Hint 5: (Only applies if you are doing the modified version.) Remember to cut off the front tubes for the wing saddle if you are making a modified version like mine, so that the larger battery can slide through F2.
The following lists what I used during the construction of the Cutie.
single edged razor blades
2 oz. thin CA
less than 1/2 oz. thick CA
1 roll red Econcote (because I had it)
1 roll yellow Towercote
recloseable plastic lunch bag (small parts storage so they donít get lost)
Wing Area: 360 sq.in. (mfg.)
Fuselage: covered with wheels etc. 6 oz.
Total airframe weight inc. horns and all: 12.6 oz.
Motor/gearbox/speed control/switch/prop/spinner: 5.4 oz.
All Up Weight (AUW): 27.6 oz. with 6 #64 rubber bands
When Larry ships the kit to you, this is
what youíll find.
While the manual consists of a lot of pages, it should really be thought of as a "learning guide." The expert can get by just concentrating on the parts with an exclamation point, but it is a whole lot of fun discovering where Larry, the expert, made mistakes so that you donít have to. The beginner can be guided through the first aircraft with the equivalent of an expert standing in the room helping and guiding. While it may seem "massive", the pages fly by in no time at all, and the outstanding photos are a perfect compliment to the simple, straightforward and many times amusing text. The manual is your friend. Read it! Enjoy it!
First, I must state again, this power
system change is in no way necessary if you want a Park/School Yard
The modifications are listed below:
Mod 2: Make another battery support 3" long of 3/32" balsa. It can be made from fuselage side scrap. Be sure it is square and the grain is going across the fuselage. Cut the slot for this "new" battery floor in the sides of the fuselage doublers. Use the battery support slots already cut into the side doublers as a guide and extend the slots on the right and left doublers for 3" towards the tail from F2.
Mod 3: Make new 1/8" thick slots for the bottom front wing mount closer to the top of the fuselage side doublers and aligned with the bottom of the top F2 tab. The photo illustrates where it goes.
Mod 4: Open the servo tray for larger servos. I used HS-60ís because I had them, but HS-81ís would be appropriate as well.
Mod 5: Chamfer the motor mounts at a 45-degree angle so that the angle goes with the motor that is hung under the mount.
Mod 6: Leave out one on the cheek fillers on each side of cheeks. This allows easier access when installing the larger motor.
Mod 7: Note so much a modification but a note. Only put VelcroTM on the "original" motor mount for mounting the 6-cell pack. I used two parallel strips, even though it is not needed to hold the stock pack in.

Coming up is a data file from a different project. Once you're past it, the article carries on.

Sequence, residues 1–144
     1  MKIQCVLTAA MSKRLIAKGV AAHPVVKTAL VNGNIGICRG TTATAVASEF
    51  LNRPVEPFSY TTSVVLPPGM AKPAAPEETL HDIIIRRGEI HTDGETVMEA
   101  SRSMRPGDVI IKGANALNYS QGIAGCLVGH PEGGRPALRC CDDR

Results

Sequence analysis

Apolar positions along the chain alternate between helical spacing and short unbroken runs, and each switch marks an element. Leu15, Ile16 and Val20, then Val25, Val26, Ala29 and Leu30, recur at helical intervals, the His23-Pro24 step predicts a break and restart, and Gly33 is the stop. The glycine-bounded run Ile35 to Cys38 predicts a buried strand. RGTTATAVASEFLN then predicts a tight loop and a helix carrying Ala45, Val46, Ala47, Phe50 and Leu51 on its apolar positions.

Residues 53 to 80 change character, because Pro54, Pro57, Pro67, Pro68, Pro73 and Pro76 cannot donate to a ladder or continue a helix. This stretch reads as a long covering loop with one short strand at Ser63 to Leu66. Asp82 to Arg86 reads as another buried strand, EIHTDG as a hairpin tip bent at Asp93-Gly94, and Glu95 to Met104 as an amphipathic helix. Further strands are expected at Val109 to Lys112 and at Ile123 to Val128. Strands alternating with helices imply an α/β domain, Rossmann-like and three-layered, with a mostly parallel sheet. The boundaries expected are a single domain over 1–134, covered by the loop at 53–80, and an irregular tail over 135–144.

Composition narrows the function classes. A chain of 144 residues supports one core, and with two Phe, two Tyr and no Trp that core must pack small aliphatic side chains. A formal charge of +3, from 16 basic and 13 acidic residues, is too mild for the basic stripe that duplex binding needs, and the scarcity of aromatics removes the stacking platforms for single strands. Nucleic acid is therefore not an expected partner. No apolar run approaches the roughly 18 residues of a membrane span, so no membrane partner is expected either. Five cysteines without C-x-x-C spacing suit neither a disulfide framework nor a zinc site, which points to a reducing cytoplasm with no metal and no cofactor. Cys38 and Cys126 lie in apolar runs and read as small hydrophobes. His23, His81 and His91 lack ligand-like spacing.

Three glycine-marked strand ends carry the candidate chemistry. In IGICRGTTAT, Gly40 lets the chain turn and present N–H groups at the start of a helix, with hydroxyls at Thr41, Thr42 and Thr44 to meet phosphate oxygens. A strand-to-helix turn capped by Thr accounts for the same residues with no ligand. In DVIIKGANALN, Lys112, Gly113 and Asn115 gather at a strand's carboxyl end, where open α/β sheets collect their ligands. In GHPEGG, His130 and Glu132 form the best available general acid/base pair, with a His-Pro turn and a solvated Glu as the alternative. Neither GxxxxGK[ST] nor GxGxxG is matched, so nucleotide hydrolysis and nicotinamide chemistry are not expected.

Mod 8: Drill 4 new mounting holes in the motor mount about ľ" in front of the original holes. Leave the original holes alone if you are going to be switching back and forth between power systems. Also open up between the two holes in F2.
Mod 9: Make the front cross anti-spreader piece from plywood. I used 3/32" plywood cut to ľ" wide and glued appropriate size pieces of plywood to just retain the top of the motor. The picture shows what it looks like. Be sure to mount the anti-spreader before using the Nyrod motor strap.
Mod 10: Form a 4" piece of yellow inner Nyrod into a "U" shape by holding it between your thumb and middle finger while gently pressing together and heating with a heat gun. Do this slowly, with not too much pressure, and form a nice "U" shape. Let it cool before letting go. Cut a Ĺ" off of each side of the "U". Most likely it will have to be shortened a little more. Itís a try and fit kind of thing.
Mod 11: Use the original power system screws, if you have them, or purchase some DU-BRO No. 2 x Ĺ" Socket Head Sheet Metal Screw Cat. No. 381. Use the screws to attach the "U" to the bottom of the original motor mounts and the anti-spreader bar to the top. Slide in the motor and snug them up so that the motor canít move, but do not over tighten the screws. Be sure that you donít have a lot of up thrust or down thrust in the motor.
Mod 12: Shims made of small pieces of brass tubing may be needed to adapt the prop to your prop adapter for the Magnetic Mayhem.
With the modifications listed above and 6 RC2000 cells, the new All Up Weight is 37.6 oz. Thatís a 10 oz. weight increase. The new wing loading is 15 oz./sq.ft. The initial static amp draw is 26.4 amps and the initial static RPM is 9,900 using the aero-naut 8x5" and 6 Sanyo RC2000.
Flight tests of this power system were completed in the evening of Monday, August 6. The temperature at the field was 93 degrees Fahrenheit at 7:30 P.M. The wind was 10+ MPH. Even with the less than ideal conditions, this system worked well, and as expected. The plane increased its top end speed with no changes in trim from the stock system. It easily took off of the not too neatly cut club grass. Loops, rolls and stall turns were extremely easy to do when the throttle was opened up. Full up elevator with the throttle pulled way back was still a non-event, with the plane just moving forward with its nose up and losing altitude, but not rolling off, even at the higher wing loading. Using throttle management, which is required to fly this plane like it is intended, flight times were l-o-n-g with the Sanyo 1200SCRC cells and super long using the RC2000 cells.
With flight characteristics more like an old-timer, it seems that my prop selection is over-pitched. The next flight tests will be with an 8x4" prop.
While the Kyosho Magnetic Mayhem is an inexpensive and easily obtainable motor, there are a few other motors that will most likely be appropriate in this power/prop application. While it is impossible for me to actually test all of these motors, if you have one of these motors, you can mount an 8x4" prop, use 6 cells and see what RPM and amp draw you get. Remember that you are looking for a motor that will turn an 8x4" or 8x5" prop in the 20 to 25 amp range and between 9,000 and 10,000 RPM. The motor statistics indicate that these motors should work equally well in this application: Strontium 150, Graupner Speed 600 BB SP 8.4V #6309, Graupner Speed 500 SP 8.4V #6308, CEM-05 Cobalt, Astro Cobalt 05 7T#20 #605, and Goldberg Turbo 550.
The Cutie builds into an attractive, easy
to fly, Park/School Yard flier with the stock power system. With my power
system modification recommendation, it is easily convertible to a
trainer/sport plane, which is at home in a mixed field environment.